One Republican volunteer told me that he voted for me, and based on what we talked about Sunday, I have no reason to disbelieve him. We both agreed that there are problems within our county, state, and nation, problems that government can be used as a tool to solve. There is this tendency for Republican candidates and office holders to take Ronald Reagan's "Government is the problem" pronouncement and extrapolate it ad absurdum. It's refreshing to be reminded that some Republicans, even in Texas, are actually interested in making government serve the electorate.
State Rep. Sarah Davis is in no way to be confused with State Sen. and gubernatorial candidate Wendy Davis. But the Republican representing District 134 (which includes northern and western Montrose) is a genuine supporter of equal rights for LGBT citizens. It springs from her belief in "personal freedom." This and other issues put her more in line with Wendy Davis and Leticia van der Putte than with Greg Abbott and Dan Patrick. She will also tell you how her bout with cancer made her an opponent of "government-run health care." I have mentioned in other corners of the web that I never got an overpowering intellectual vibe from Sarah Davis, but I am impressed with how real she is. She was out there with her mother in the 85-degree heat Sunday afternoon, wearing her elephant-print dress, flip-flops, and shades.
By the way, in no way am I suggesting that we can or should judge candidates, especially women candidates, by what they wear. However, wardrobe decisions reflect just how seriously candidates want to be taken. Green candidates frequently have to raise their sartorial standards to be taken seriously at all, because left to our own devices we would appear in t-shirts and cut-offs.
Chris Carmona is a Republican running for State Rep. in District 148. That district includes most of the Heights, the Near Northside, Oak Forest, and part of Garden Oaks. Its current representative is the formidable Jessica Farrar. In his polo shirt and jeans, Mr. Carmona looked less like a candidate than I did in my button-front shirt, cravat, and slacks—and far less Republican even than I. He came to his brand of Republicanism from reading classical economics texts in college; before then, he considered himself a Democrat.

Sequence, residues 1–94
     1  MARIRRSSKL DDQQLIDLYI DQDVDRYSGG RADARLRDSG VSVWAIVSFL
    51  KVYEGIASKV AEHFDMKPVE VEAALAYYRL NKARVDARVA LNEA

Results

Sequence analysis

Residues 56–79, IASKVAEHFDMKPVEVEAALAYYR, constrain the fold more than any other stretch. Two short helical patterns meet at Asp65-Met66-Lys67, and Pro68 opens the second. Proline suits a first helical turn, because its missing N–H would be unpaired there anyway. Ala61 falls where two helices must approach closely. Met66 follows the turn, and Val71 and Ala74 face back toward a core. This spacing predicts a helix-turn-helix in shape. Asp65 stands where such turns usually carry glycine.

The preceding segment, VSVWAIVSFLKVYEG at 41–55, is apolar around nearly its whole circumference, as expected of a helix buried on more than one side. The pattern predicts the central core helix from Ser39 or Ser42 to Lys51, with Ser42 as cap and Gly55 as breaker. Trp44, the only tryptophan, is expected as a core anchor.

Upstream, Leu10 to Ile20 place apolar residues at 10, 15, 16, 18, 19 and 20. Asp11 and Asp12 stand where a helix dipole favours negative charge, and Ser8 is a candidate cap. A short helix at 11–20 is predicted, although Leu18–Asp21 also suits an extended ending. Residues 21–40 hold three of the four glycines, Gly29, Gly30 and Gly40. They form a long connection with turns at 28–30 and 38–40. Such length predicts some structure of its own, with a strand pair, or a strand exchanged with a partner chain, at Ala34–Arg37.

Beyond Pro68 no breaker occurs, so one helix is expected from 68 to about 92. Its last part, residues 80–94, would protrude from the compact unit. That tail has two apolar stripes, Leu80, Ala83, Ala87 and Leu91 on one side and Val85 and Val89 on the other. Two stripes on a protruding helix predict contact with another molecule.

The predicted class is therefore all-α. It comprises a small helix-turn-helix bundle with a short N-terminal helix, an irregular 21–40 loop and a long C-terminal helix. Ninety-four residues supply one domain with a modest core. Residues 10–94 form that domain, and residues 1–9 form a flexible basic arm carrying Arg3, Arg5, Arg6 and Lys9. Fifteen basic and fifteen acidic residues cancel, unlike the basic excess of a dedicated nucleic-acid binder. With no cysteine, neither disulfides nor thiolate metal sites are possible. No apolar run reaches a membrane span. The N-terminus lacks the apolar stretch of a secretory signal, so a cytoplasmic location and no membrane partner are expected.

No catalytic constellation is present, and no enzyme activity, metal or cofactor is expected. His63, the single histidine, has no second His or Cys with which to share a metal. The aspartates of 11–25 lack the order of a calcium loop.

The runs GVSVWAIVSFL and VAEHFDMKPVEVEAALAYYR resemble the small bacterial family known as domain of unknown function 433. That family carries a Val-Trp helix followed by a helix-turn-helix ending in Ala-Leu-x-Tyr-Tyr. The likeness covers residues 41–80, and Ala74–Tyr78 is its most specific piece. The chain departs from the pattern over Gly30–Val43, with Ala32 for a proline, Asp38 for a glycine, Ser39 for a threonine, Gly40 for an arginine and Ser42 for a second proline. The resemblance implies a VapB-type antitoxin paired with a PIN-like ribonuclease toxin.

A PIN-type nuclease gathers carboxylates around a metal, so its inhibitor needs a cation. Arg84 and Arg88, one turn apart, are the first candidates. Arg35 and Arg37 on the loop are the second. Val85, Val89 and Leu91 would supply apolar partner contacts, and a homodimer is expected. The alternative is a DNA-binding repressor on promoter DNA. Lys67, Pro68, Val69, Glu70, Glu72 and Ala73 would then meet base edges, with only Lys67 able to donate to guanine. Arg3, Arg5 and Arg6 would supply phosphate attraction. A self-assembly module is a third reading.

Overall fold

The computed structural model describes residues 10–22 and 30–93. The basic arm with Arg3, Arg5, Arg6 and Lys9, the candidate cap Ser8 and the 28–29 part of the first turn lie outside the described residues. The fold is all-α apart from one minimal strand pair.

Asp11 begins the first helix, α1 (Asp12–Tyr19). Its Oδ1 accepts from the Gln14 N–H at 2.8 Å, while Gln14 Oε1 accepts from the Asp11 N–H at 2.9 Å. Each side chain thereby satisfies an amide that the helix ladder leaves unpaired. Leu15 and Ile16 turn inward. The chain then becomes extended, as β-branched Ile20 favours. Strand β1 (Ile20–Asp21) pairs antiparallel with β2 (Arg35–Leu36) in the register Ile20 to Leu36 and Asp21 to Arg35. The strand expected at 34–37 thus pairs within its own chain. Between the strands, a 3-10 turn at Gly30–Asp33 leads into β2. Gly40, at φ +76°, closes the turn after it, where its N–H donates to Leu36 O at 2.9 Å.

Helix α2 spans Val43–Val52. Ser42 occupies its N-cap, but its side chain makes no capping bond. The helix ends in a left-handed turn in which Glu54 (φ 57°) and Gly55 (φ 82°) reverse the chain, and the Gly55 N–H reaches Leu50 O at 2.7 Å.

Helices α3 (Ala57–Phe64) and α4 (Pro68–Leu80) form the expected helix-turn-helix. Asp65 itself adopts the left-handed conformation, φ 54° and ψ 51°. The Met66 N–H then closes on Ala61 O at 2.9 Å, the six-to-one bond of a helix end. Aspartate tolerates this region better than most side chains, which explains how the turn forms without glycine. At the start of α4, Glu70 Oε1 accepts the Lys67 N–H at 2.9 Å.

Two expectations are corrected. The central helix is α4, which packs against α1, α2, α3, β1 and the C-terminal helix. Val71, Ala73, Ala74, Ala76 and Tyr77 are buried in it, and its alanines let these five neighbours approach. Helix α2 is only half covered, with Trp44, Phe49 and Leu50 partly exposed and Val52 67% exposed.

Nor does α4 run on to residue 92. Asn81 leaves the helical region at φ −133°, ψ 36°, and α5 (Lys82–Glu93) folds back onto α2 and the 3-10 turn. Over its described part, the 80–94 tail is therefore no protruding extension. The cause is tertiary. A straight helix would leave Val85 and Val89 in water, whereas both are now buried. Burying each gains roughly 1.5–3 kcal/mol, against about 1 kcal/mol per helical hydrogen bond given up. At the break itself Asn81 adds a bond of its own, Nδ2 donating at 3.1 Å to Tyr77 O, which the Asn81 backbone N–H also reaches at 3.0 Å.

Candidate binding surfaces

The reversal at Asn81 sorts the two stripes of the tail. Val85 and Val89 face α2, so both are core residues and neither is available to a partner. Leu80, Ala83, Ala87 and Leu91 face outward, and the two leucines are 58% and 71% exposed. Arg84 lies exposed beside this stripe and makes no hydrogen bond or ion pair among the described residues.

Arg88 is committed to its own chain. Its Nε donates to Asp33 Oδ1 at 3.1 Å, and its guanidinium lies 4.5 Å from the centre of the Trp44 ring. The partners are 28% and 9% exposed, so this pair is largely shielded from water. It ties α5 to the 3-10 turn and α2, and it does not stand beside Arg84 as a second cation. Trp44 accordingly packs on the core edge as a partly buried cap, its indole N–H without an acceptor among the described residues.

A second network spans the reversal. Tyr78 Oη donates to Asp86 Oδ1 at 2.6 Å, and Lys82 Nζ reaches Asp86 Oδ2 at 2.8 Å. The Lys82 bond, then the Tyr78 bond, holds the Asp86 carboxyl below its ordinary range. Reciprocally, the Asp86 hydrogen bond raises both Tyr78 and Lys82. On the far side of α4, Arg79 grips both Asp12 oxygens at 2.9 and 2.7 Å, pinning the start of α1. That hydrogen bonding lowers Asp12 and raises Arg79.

Probably the most fortuitous encounter with a Republican was chatting with Judge Jay Karahan. He sings in the choir at St. Martin's Episcopal Church, and he officially serenaded the Moonlight Bicycle Ramble with his rendition of "The Star-Spangled Banner" Saturday night. I told him that his voice impressed me, but shortly after his "Banner" the sound system played the 13th Floor Elevators "Slip Inside This House," and I would have stood in awe if he'd belted out that old psychedelic chestnut.
I have no idea whether the words on Judge Karahan's website about "the integrity of the process" mean anything in his courtroom. I genuinely hope so. The fact that Texas has partisan elections for judgeships appalls people from other states, but a lot of Texas judges wear partisan labels for convenience—i.e., to stand a chance of getting elected. Democrats have been known to run as Republicans in Harris County when the ratio with about 55-45 Republican. Judge Karahan purports to be an open-minded Republican, who has voted (and will vote) for Democrats, Greens, Libertarians, and Independents.
By the way, in no way am I suggesting that I am attracted to conservative ideology, or that there's any danger of my turning into the Republican that some people assume I am as a clean-cut, middle-aged, middle-class white man. However, this whole experience makes me wonder how people of such decency could ever align themselves with the hate-mongers at the top of the Republican ticket. I'm told that Greg Abbott is easy enough to talk to one-on-one. So why do his campaign speeches and policy positions dehumanize millions of Texans?